Successful breastfeeding: five traps to avoid!
In the first week of August, we celebrate breastfeeding all around the world, which is why I chose a breastfeeding-related topic for this week's blog post. Nowadays most women are prepared to nourish their baby from their breast with breast milk, but unfortunately, bad practices, old habits, lack of real information, and lack of support divert too many mothers from the path of breastfeeding. Many babies receive unnecessary formula supplementation, sometimes even during their hospital stay, and mothers face comments that not only fail to provide encouragement but can also undermine maternal confidence, which is a crucial ingredient for successful breastfeeding and emotional balance during the postpartum period. In this post, we will explore five activities or practices that are best avoided, as they can easily deviate you from the natural path of breastfeeding.
The first breastfeeding 'trap' is related to the golden hour. Most hospitals already respect the fact that the baby should be placed next to the mother, in her arms, during the first hour or two after birth. However, in some countries, in some hospitals the golden hour is carried out in a somewhat 'peculiar' way: after birth, the baby is indeed placed in direct skin-to-skin contact with the mother...but just for a few minutes! Then they are wiped and dressed before being returned, eliminating the most crucial element of the golden hour, which is the direct skin-to-skin contact. Why is this so important? During the pushing phase, the baby receives a cocktail of hormones that gave you strength for pushing and makes them alert and curious, prompting them to explore and find your breast. In this exploration, the touch of your skin, your scent, the sight of your dark nipple, and the strong sucking reflex after birth will guide them. However, a dressed baby has limited stimulation for this active exploration. So, if you want to breastfeed, stay in direct skin-to-skin contact with your baby during the first hours. This naked contact not only increases the chance of successful breastfeeding right in the delivery room, but it also effectively helps your baby's transition to life outside the womb: if you think about it, they received everything they needed from you in the womb, and now suddenly, in the cold and harsh world, they have to regulate their blood sugar and body temperature on their own! However, being in direct contact with your skin allows them to absorb your body warmth, and it makes them feel your closeness, making this abrupt transition much easier for them.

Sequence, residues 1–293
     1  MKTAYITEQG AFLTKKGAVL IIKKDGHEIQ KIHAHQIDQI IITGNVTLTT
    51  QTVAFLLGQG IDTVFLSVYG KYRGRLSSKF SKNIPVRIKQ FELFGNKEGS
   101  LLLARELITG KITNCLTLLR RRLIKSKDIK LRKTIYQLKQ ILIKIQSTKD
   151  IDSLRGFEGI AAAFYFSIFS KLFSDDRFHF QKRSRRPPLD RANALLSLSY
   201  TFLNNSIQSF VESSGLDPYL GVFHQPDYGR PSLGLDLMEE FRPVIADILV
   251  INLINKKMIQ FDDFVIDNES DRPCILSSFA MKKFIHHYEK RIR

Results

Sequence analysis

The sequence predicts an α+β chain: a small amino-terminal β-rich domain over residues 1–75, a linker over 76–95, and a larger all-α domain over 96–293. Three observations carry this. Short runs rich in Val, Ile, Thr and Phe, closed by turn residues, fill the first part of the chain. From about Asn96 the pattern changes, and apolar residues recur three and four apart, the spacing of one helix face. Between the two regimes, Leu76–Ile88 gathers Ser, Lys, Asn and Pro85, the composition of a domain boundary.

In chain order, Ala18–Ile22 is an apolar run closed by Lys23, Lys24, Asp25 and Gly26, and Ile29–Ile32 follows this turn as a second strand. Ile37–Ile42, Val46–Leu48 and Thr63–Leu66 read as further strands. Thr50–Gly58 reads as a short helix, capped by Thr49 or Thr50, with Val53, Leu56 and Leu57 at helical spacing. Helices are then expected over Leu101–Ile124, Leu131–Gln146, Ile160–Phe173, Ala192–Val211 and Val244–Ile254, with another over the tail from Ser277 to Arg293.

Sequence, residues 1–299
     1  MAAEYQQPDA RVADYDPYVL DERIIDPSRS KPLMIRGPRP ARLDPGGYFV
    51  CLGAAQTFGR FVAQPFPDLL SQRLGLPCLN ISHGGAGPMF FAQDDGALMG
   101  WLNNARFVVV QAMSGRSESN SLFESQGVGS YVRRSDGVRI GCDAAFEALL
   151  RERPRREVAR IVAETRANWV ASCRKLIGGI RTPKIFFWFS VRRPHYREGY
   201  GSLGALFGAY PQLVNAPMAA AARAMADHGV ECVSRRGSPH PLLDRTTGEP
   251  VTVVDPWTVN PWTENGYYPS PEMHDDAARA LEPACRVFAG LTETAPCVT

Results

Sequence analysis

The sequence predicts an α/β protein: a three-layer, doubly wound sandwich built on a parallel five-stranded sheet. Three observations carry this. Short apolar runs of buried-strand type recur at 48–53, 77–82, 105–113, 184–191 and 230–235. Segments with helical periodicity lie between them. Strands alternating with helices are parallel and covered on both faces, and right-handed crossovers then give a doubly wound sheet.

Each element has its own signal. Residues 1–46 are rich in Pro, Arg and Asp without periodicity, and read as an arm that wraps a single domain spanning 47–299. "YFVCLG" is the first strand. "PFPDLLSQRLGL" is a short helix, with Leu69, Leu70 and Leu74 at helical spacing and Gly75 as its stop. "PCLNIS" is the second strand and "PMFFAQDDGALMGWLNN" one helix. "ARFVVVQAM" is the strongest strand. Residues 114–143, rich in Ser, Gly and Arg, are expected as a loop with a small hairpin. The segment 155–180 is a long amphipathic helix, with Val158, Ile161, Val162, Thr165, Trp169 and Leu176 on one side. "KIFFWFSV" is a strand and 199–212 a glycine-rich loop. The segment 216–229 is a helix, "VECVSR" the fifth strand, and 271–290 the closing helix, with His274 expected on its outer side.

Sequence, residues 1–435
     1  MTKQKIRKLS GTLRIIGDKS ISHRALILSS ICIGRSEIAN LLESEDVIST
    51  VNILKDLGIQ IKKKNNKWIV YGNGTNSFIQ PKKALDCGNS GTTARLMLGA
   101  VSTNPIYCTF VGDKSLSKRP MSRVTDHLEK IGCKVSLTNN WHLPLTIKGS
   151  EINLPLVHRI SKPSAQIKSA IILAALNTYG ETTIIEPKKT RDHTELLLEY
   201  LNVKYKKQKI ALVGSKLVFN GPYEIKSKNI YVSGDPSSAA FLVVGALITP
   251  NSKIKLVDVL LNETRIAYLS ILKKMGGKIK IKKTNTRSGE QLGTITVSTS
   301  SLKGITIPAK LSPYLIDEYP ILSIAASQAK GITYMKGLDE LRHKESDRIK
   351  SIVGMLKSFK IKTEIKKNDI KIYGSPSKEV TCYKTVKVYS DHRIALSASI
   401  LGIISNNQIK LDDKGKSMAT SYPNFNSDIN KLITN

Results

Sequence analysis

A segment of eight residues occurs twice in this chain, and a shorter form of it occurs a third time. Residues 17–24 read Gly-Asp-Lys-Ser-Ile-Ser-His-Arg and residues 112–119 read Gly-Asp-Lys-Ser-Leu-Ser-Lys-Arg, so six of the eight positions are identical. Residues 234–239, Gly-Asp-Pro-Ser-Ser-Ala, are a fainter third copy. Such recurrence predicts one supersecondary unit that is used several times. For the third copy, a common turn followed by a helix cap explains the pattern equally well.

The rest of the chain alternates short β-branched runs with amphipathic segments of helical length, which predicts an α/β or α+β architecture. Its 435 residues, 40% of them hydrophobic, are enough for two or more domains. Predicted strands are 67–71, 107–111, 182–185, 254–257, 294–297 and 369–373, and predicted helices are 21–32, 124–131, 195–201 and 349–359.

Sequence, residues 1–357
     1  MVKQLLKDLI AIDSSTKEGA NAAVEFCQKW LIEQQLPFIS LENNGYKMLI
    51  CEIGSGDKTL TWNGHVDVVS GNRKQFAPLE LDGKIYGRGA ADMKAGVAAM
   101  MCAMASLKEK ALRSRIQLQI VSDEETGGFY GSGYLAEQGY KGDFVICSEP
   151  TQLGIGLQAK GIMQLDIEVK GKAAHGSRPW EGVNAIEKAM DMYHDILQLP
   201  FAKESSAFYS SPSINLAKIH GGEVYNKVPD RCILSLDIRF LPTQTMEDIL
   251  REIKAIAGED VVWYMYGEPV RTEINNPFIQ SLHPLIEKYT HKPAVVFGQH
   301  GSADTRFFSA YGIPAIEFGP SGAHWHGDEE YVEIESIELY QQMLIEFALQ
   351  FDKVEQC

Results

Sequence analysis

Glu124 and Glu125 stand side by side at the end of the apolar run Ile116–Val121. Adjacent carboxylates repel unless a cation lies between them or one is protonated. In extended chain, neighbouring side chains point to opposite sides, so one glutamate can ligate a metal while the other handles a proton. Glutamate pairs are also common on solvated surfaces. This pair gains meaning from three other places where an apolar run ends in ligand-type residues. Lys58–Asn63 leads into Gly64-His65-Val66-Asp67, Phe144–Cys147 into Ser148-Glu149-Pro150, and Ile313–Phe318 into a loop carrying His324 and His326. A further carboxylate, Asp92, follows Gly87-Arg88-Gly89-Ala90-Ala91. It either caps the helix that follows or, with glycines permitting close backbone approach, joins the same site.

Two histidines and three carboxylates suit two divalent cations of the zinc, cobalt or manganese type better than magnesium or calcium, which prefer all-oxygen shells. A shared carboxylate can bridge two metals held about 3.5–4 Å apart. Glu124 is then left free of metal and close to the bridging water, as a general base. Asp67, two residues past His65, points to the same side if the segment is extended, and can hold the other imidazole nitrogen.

The second trap to avoid also applies to the hospital stay. If you want to breastfeed, keep your baby next to you - day and night! The saying 'practice makes perfect' also applies to breastfeeding! Both you and your baby need to practice. The more you practice, the smoother it will go. The primary task during your hospital stay is to learn to interpret your baby's cues, observe their behavior, and allow them to receive colostrum through frequent breastfeeding. Colostrum is the yellow liquid that your breasts produce right after birth and is appropriately referred to as 'liquid gold.' This tiny amount is crucial for providing your baby with essential immunoglobulins, helping stabilize their blood sugar with its high sugar content, and aiding in the elimination of meconium, which accumulates in their intestines during fetal life, thus reducing the risk of jaundice. Frequent breastfeeding and nursing are also beneficial for you: if you breastfeed frequently in the first days, your breasts will transition to milk-producing mode faster, and the switch to this mode - engorgement - will be less shocking. If, however, you breastfeed your baby every 3-4 hours or when the nursery staff suggests, you will likely experience the engorgement around the 3rd or 4th day after birth as if rocks have grown in your breasts. On the other hand, if you breastfeed more frequently, this transition will happen sooner and less dramatically, and the supply-demand balance will be established faster too.